Hiring by American employers trailed forecasts in March, casting doubt on the vigor of the more than two-year-old economic expansion.
The 120,000 increase in payrolls reported by the Labor Department in Washington today was the smallest in five months and less than the most pessimistic estimate in a Bloomberg News survey of economists. The unemployment rate fell to 8.2 percent from 8.3 percent as people left the labor force.
Stock futures, the dollar and Treasury yields all fell as the report highlighted Federal Reserve Chairman Ben S. Bernanke’s concern that stronger economic growth is needed to keep the nation’s jobs engine humming. Today’s data also showed that Americans worked fewer hours and earned less on average per week, boding ill for the consumer spending that makes up 70 percent of the world’s largest economy.
“We see a lack of sustainability in terms of strong job growth,” Tony Crescenzi, a strategist at Pacific Investment Management Co. in Newport Beach, California, said in a radio interview on “Bloomberg Surveillance” with Tom Keene and Ken Prewitt. “This is still not strong enough to create escape velocity, which is to say an economy strong enough to make it on its own without additional monetary stimulus from the Federal Reserve.”
Among those having trouble finding work is Xander Piper, 30, who has been looking for a full-time job since September, when he completed a master’s program in social science at the University of Chicago. He decided to go to graduate school in 2010 to improve his employment prospects after losing his position at an advertising agency.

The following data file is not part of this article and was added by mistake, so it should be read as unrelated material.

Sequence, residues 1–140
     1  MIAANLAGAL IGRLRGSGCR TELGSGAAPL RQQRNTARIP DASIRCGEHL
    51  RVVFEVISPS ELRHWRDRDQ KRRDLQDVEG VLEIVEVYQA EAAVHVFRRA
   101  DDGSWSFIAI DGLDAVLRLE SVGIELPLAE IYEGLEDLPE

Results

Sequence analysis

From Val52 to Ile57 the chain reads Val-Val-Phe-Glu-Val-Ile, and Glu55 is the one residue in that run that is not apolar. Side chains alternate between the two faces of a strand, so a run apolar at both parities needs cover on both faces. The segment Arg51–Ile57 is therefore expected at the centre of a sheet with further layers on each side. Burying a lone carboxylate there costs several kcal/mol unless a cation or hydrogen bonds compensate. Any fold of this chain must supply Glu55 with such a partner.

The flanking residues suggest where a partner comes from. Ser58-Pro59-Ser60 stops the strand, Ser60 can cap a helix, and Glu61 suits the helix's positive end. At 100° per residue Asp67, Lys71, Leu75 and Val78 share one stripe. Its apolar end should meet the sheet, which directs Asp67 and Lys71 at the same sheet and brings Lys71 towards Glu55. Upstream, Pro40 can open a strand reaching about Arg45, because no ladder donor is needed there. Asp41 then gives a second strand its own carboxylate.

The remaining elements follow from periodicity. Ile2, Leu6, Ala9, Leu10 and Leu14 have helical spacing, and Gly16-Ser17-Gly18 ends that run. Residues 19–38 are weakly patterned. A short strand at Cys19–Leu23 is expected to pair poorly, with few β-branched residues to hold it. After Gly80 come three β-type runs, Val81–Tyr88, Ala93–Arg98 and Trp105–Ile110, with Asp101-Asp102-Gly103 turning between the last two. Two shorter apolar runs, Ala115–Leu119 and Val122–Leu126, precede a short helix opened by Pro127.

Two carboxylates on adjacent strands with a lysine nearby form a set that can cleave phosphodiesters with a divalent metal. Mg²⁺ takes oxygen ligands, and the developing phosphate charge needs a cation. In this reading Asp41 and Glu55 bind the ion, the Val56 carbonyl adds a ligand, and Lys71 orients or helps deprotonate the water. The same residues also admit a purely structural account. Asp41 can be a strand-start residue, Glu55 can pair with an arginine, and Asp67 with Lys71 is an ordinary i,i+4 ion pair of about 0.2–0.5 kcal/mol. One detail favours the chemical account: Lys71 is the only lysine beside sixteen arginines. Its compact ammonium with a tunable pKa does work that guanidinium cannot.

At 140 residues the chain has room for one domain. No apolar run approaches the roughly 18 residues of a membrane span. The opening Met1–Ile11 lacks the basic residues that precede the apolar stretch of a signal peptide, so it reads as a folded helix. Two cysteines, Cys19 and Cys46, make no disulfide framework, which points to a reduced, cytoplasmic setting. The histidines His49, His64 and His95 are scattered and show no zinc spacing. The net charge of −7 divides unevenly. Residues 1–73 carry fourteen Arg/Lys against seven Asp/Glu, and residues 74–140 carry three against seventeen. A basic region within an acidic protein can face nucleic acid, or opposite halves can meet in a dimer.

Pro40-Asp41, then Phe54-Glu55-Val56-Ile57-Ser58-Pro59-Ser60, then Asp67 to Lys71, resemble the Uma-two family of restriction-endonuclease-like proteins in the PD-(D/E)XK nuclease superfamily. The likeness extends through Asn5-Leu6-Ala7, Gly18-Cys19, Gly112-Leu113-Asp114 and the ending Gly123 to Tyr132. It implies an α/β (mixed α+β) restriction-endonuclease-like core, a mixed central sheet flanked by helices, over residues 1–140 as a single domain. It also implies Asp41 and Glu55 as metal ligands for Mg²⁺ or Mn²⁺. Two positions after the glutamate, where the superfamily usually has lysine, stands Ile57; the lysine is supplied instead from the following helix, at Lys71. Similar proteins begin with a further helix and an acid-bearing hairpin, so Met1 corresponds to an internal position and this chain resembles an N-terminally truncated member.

Expected Work Sooner
“When I graduated, I assumed I was going to get a job within the first couple of months,” said Piper, a San Francisco resident who said he’s looking for work in education and sometimes sends out 10 resumes a day.
“Now I work for a temp company, but even they’re having trouble staffing me,” he said. “I recently had a two to three month break at my temp company. What I have gotten recently is call center work, which is just brutal.”
A separate report today from the Fed showed consumer borrowing rose less than forecast in February, restrained by a drop in credit-card debt. Credit increased $8.7 billion, the least in four months, after an $18.6 billion gain in January.
Employment in March was forecast to increase by 205,000, according to the median projection of 80 economists in the Bloomberg survey. Estimates ranged from increases of 175,000 to 250,000 after an initially estimated 227,000 gain the prior month.
S&P 500 futures expiring in June slumped 1.1 percent to 1,374.90 following the benchmark index’s 0.7 percent weekly loss. U.S. stock exchanges were shut for the Good Friday holiday. The dollar weakened 1 percent to 81.57 yen at 12:14 p.m. in New York, touching the lowest level since March 8. The yield on the benchmark 10-year Treasury note fell to 2.06 percent from 2.18 percent.
“We see modest growth inside the U.S. and demand for labor,” Carl Camden, president and chief executive officer of Kelly Services Inc. (KELYA:US), a Troy, Michigan-based staffing agency, said March 12 during a conference. The expansion is “a nice steady, not robust, not rock-and-roll, but a steady recovery, capable of producing a steady stream of jobs.”
Employment at service providers increased 89,000 after a 211,000 gain in February. Professional and business service payrolls rose 31,000 last month, restrained by a 7,500 drop in temporary hiring.